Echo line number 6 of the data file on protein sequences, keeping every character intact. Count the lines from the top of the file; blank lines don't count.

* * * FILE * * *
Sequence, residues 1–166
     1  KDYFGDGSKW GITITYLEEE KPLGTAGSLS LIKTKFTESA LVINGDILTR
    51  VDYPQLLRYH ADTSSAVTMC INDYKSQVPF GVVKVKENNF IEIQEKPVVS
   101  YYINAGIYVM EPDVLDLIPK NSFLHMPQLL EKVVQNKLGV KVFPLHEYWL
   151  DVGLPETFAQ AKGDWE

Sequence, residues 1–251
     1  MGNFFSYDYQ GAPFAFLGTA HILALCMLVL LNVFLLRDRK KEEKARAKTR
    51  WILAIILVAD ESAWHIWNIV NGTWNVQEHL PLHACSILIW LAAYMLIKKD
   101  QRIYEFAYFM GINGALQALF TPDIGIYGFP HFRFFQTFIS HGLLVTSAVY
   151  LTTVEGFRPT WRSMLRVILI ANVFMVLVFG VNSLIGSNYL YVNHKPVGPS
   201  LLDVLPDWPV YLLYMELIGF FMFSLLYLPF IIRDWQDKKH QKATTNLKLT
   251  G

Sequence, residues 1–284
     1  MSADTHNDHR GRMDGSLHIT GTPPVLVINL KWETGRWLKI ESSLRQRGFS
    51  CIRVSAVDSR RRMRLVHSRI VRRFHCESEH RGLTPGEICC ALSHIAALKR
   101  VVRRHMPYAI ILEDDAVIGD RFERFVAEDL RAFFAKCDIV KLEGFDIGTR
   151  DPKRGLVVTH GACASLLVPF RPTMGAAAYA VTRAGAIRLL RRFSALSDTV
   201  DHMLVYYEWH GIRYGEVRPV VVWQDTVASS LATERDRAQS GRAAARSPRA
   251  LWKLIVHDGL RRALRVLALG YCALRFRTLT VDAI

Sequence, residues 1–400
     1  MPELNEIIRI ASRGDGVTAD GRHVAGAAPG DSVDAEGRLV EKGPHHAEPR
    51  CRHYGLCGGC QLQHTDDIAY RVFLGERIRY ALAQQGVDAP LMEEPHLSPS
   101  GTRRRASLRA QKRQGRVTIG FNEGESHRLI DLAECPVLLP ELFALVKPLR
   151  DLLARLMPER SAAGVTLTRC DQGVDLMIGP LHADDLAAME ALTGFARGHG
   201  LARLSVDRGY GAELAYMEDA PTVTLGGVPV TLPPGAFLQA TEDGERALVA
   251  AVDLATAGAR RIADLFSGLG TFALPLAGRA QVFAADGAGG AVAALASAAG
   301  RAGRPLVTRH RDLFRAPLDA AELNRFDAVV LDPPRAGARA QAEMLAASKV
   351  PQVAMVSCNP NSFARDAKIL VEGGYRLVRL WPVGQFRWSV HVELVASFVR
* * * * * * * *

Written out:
Sequence, residues 1–251